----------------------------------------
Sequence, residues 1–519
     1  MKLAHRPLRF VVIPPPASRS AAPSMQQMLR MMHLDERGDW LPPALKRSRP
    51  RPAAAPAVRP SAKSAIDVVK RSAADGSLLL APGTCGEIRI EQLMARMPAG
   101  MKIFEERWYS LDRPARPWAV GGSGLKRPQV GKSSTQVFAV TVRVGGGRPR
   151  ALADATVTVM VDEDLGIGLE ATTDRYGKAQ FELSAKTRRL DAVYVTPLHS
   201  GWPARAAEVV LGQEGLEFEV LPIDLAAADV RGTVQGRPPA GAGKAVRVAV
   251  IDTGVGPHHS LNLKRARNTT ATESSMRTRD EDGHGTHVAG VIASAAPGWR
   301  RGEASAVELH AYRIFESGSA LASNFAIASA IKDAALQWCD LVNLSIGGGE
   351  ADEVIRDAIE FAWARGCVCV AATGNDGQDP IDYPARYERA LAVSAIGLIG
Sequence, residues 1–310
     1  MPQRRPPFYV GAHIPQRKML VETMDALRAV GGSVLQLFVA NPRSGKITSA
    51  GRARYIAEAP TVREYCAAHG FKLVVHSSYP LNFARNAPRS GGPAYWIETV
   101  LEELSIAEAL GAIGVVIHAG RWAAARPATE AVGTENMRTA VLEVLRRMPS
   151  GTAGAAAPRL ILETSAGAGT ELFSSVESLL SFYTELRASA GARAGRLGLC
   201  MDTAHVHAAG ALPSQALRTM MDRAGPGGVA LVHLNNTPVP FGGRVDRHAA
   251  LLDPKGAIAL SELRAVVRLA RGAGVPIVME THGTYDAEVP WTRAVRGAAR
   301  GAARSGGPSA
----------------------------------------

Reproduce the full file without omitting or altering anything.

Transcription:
Sequence, residues 1–519
     1  MKLAHRPLRF VVIPPPASRS AAPSMQQMLR MMHLDERGDW LPPALKRSRP
    51  RPAAAPAVRP SAKSAIDVVK RSAADGSLLL APGTCGEIRI EQLMARMPAG
   101  MKIFEERWYS LDRPARPWAV GGSGLKRPQV GKSSTQVFAV TVRVGGGRPR
   151  ALADATVTVM VDEDLGIGLE ATTDRYGKAQ FELSAKTRRL DAVYVTPLHS
   201  GWPARAAEVV LGQEGLEFEV LPIDLAAADV RGTVQGRPPA GAGKAVRVAV
   251  IDTGVGPHHS LNLKRARNTT ATESSMRTRD EDGHGTHVAG VIASAAPGWR
   301  RGEASAVELH AYRIFESGSA LASNFAIASA IKDAALQWCD LVNLSIGGGE
   351  ADEVIRDAIE FAWARGCVCV AATGNDGQDP IDYPARYERA LAVSAIGLIG
Sequence, residues 1–310
     1  MPQRRPPFYV GAHIPQRKML VETMDALRAV GGSVLQLFVA NPRSGKITSA
    51  GRARYIAEAP TVREYCAAHG FKLVVHSSYP LNFARNAPRS GGPAYWIETV
   101  LEELSIAEAL GAIGVVIHAG RWAAARPATE AVGTENMRTA VLEVLRRMPS
   151  GTAGAAAPRL ILETSAGAGT ELFSSVESLL SFYTELRASA GARAGRLGLC
   201  MDTAHVHAAG ALPSQALRTM MDRAGPGGVA LVHLNNTPVP FGGRVDRHAA
   251  LLDPKGAIAL SELRAVVRLA RGAGVPIVME THGTYDAEVP WTRAVRGAAR
   301  GAARSGGPSA